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U.K. Minister Enters Row Over Afghanistan Helicopters

A British Chinook helicopter arrives at a British base in Lashkar Gah in Helmand Province.
LONDON (Reuters) -- Britain's resigning junior foreign minister, Mark Malloch-Brown, has said that British soldiers need more helicopters in Afghanistan, contradicting government claims that its troops have sufficient equipment.

British forces are suffering one of their bloodiest months in the conflict as they take part in an offensive in southern Afghanistan's Helmand Province against the Taliban.

"We definitely don't have enough helicopters," said Malloch-Brown, a former United Nations deputy-secretary general, who stands down from the government at the end of the month.

"When you have these modern operations and insurgent strikes what you need, above all else, is mobility," he told the "Daily Telegraph" in an interview.

His comments are likely to fuel a chorus of complaints that Britain's 9,000 troops in Afghanistan are fighting without the proper support.

Gaps have emerged between what the government, facing budget constraints, thinks is sufficient and what military commanders say they want.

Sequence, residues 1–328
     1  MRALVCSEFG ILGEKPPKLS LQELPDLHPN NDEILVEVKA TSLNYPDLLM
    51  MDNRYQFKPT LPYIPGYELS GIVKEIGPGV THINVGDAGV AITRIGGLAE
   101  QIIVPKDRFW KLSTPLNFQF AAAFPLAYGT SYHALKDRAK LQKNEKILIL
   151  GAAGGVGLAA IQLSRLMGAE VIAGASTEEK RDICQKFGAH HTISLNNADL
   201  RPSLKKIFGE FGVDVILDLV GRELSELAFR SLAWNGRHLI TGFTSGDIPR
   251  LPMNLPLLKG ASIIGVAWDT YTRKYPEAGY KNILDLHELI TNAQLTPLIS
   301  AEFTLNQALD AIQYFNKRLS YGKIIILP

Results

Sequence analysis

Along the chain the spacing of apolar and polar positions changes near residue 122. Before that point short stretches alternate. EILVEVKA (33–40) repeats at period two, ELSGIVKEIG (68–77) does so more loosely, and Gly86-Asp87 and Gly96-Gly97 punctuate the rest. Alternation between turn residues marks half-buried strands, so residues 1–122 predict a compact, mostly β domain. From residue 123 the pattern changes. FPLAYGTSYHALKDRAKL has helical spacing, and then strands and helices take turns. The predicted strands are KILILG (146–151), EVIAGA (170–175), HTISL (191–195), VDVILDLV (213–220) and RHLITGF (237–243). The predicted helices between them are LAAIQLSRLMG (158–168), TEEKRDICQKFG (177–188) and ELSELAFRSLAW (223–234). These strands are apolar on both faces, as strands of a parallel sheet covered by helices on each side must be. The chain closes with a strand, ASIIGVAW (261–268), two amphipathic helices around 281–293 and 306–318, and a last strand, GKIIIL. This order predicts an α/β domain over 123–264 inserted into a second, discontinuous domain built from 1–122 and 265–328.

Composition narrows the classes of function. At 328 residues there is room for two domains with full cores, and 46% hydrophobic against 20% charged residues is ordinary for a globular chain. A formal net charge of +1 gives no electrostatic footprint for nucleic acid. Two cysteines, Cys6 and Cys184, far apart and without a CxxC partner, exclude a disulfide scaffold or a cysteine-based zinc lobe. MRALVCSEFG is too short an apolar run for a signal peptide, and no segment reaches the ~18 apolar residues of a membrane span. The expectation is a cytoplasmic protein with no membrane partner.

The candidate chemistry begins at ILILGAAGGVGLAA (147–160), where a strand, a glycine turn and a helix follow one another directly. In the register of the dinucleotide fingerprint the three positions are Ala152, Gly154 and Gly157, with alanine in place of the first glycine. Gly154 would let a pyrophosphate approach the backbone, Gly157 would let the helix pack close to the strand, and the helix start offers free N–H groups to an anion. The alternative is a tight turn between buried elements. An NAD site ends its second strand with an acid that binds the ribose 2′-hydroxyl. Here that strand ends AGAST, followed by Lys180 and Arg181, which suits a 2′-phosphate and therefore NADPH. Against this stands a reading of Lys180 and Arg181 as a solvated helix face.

This month, 18 soldiers have been killed, including eight in one day. Most of them were victims of roadside bombs.

That has provoked anger about a lack of helicopters that means more units have to travel by road, exposing them to mines, bombs, and boobytraps.

Prime Minister Gordon Brown has insisted there are enough helicopters and armored equipment to support the force deployed.

Chancellor Alastair Darling defended the government's record, saying that he had financed all requests for troops and equipment for Afghanistan and was never told by army chiefs it was not enough.

"So far as we are concerned the troops are doing a job of work in Helmand Province and the army has said this is what we want in terms of troops and equipment and we have provided that and financed it," he told the weekly "Tribune Magazine."

The United States, Britain, and other forces in the NATO-led coalition launched an offensive across southern Afghanistan this month to seize back territory from the Taliban and build security ahead of a presidential election on August 20.